出生年：1599 | 往生年：1655
Monastic Dharma Name: Shì Ǒuyì (Great Master)
Status: Ninth Patriarch of Pure Land Tradition (School)
Family Name: Zhōng (Surname)
Place Of Birth: Jiāngsū Province, Wú County (Present day Sūzhōu City)
Year Of Birth: 1599 C.E. | Year Of Rebirth: 1655 C.E.
Best Known Works: Essential Points Of The Dharma Treasury (2 Sections), Sūtra Explanations: Essential Explanation Of The Amitābha Sūtra (1 Scroll: 21 Sections), Vinaya’s Explanations (11 Sections), Treatises’ Explanations (6 Sections), Collected Works: Spirit Peak Tradition’s Treatise (10 Scrolls: 4 Sections), Repentance Rites (3 Sections) and Mixed Works (2 Sections). Now extant are 21 volumes in ‘Great Master Ǒuyì’s Complete Works’.
Great Master Ǒuyì was born in 1599 C.E to a Zhōng family in Jiāngsū Province’s Wú County. To pray for a son, his father upheld recitation of the Great Compassion Mantra for 10 years, with which his mother Jīn Shì dreamt of Guānyīn Bodhisattva carrying and giving a son to her. After that, Great Master was born.
At the age of seven, Great Master became vegetarian. When he was 12, as he studed the Confucian texts and revered Confucian teachings, he vowed to destroy Buddhism and Taoism. After that, he started to eat meat and drink alcohol, writing more than ten articles in a treatise to refute Buddhism.
At 17, when he chanced upon and read Great Master Liánchí’s ‘Preface To Record Of Knowing Oneself’ and ‘Essays By The Bamboo Window’, he suddenly awakened to the Buddhist doctrine’s profundity, and self-realised his past views on Buddhism to be wrong. Thus, he collected and burned his writings that criticised Buddhism, to express his repentance.
When 20, Great Master’s father passed away during winter. During the deliverance chanting of the ‘Sūtra On Earth Treasury (Kṣitigarbha) Bodhisattva’s Fundamental Vows’, he was moved to give rise to the thought of leaving worldly life, as he resumed being vegetarian. Every day, he would uphold recitation of the Buddha’s name, as he completed burning more than 2000 articles of his treatise to refute Buddhism.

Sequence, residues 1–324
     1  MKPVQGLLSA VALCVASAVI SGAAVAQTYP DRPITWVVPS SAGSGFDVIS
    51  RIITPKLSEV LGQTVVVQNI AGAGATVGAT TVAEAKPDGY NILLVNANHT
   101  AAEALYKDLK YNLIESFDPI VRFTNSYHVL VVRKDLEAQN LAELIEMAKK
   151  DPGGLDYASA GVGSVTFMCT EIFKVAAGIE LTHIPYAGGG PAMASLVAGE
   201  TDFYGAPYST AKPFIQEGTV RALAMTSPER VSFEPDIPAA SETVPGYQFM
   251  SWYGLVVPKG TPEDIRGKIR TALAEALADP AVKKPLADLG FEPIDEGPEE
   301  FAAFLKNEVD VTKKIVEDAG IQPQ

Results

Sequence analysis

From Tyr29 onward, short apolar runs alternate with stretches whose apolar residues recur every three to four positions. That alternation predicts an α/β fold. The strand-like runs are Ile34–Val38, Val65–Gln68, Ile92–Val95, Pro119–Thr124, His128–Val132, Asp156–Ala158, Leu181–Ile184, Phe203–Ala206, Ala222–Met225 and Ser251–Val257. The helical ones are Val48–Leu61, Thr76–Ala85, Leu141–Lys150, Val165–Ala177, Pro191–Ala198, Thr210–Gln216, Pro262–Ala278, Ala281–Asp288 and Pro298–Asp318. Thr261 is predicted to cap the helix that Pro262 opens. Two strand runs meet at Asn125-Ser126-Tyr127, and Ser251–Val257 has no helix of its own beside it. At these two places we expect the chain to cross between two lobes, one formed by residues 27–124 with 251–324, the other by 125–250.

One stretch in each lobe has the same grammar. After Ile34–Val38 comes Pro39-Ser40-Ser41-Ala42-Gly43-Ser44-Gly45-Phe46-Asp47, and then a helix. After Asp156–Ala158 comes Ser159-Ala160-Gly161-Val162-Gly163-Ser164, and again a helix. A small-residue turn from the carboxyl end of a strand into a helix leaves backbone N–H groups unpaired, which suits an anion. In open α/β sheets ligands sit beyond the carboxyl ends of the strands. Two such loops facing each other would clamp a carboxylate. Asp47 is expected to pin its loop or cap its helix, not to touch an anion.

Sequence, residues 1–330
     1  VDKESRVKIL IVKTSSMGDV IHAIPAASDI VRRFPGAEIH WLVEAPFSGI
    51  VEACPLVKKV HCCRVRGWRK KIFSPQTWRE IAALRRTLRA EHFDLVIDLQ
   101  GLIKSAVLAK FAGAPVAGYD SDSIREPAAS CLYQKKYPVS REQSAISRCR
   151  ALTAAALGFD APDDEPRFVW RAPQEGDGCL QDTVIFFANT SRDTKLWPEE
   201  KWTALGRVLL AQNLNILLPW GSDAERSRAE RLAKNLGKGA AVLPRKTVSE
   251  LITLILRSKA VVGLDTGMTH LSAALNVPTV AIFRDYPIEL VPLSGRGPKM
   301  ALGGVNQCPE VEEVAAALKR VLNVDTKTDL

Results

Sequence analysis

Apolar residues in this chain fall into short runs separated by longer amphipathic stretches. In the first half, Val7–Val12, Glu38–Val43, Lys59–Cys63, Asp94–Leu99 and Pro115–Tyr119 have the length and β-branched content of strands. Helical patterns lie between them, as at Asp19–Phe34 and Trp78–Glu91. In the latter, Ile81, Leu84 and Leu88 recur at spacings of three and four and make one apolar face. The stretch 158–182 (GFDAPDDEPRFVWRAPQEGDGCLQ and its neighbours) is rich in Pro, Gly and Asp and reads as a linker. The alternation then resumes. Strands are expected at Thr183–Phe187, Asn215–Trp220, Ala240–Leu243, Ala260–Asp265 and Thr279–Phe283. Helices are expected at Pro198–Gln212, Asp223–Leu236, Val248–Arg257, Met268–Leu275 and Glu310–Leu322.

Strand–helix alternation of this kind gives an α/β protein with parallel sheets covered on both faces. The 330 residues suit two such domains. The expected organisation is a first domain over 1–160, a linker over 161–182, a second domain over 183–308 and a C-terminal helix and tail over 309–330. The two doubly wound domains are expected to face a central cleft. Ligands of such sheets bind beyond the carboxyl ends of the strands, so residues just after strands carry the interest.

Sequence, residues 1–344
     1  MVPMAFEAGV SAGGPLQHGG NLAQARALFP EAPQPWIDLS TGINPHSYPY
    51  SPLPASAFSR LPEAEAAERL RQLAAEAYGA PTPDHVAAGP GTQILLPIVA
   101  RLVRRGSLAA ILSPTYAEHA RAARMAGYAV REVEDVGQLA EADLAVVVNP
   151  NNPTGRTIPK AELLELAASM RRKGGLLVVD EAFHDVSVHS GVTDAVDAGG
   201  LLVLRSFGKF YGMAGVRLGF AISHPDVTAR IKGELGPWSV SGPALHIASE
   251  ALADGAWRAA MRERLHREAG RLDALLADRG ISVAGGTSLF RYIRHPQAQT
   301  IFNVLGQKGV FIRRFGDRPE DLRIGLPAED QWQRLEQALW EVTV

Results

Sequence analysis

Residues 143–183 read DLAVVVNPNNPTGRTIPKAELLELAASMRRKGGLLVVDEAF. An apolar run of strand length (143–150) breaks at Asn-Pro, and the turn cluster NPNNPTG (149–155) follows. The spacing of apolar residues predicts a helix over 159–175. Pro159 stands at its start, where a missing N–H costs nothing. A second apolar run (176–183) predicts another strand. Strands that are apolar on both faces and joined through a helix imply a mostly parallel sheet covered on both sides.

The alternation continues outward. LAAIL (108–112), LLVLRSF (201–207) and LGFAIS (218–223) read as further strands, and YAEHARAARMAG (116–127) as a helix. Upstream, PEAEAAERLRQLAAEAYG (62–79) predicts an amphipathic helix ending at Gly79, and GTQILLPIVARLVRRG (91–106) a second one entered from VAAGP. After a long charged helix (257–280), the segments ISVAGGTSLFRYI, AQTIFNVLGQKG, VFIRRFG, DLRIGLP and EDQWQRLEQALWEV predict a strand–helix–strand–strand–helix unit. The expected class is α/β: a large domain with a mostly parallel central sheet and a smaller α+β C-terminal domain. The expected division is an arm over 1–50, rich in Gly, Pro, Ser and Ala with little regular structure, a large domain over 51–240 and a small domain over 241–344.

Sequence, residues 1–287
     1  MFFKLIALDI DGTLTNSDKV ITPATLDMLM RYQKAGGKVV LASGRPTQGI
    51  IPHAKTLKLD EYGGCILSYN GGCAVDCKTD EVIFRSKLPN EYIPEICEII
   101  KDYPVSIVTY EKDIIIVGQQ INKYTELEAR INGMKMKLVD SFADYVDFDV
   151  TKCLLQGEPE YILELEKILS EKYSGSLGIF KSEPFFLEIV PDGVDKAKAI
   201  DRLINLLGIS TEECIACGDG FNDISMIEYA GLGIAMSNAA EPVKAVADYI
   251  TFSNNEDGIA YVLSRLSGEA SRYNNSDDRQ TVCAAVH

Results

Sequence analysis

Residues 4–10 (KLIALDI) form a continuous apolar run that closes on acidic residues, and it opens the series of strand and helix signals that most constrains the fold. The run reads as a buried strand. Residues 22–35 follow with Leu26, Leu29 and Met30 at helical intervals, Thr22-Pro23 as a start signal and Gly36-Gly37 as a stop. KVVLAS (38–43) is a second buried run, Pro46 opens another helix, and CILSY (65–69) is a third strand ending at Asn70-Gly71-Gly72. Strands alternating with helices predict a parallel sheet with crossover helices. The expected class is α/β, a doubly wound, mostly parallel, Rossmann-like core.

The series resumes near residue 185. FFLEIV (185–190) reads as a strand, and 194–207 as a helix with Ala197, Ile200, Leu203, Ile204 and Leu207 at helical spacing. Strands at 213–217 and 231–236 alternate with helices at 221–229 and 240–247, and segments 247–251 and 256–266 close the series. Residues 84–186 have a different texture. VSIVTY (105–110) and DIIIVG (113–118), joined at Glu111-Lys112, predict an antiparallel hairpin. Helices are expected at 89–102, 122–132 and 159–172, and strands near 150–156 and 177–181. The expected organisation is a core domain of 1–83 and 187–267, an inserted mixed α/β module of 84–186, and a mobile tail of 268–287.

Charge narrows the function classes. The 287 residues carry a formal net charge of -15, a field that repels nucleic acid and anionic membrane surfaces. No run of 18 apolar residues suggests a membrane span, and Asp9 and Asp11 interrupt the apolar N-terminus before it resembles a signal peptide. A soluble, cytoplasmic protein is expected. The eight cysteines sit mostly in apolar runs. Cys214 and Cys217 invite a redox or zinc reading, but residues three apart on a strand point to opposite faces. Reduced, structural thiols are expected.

At 23, he gave rose to doubt when he heard a Dharma Master, when speaking on the Śūraṅgama Sūtra’ say, ‘The universe is in emptiness, with emptiness giving rise to great awakening.’ He asked himself, ‘How is emptiness able to give rise to this great awakening? And of the universe and space, how did they arise?’ Feeling faint and helpless, heavily befuddled and scatter-minded, he was unable to continue his practice. Thereupon, before a Buddha image, he gave rose to 48 vows, and became determined to renounce the household life, to experience and investigate the great matter of attaining enlightenment to deliver all beings.
When 24, Great Master dreamt that he prostrated to Great Master Hānshān, and sincerely requested for the Buddha’s teachings of the Great Vehicle. At that time, Great Master Hānshān was at Cáoxī, and Great Master Ǒuyì was not able to go there. Thus, through Great Master Hānshān’s disciple, Dharma Master Xuělǐng, he renounced the household life, and became a monk named Zhìxù, with the style name Ǒuyì.
In summer that year, he reached Yúnqī Monastery to study. When he heard Great Master Liánchí’s disciple Dharma Master Gǔdé teach the ‘Treatise On Perfection Of Consciousness-Only’ (Vijñaptimātratāsiddhi Śāstra), hearing that the Dharma-Nature Tradition (法性宗) and Dharma Characteristics Tradition (法相宗) cannot be understood thoroughly together, he expressed uncertainty. So, he went forth to Mount Jìng to practise meditation, contemplate and investigate their principles.
As Great Master highly admired Great Master Liánchí, he became his posthumous disciple. Before Great Master Liánchí’s image, he personally vowed and received the precepts, and at 26, formally received the Bodhisattva Precepts.
With his mother’s passing away when he was 28, after the funeral to fulfil filial piety, he vowed to sever from worldly conditions, and went forth to Sūzhōu for retreat and ascetic cultivation. However, he unexpectedly fell greatly sick, thus having the Faith and Aspiration to seek birth in the Western Pure Land.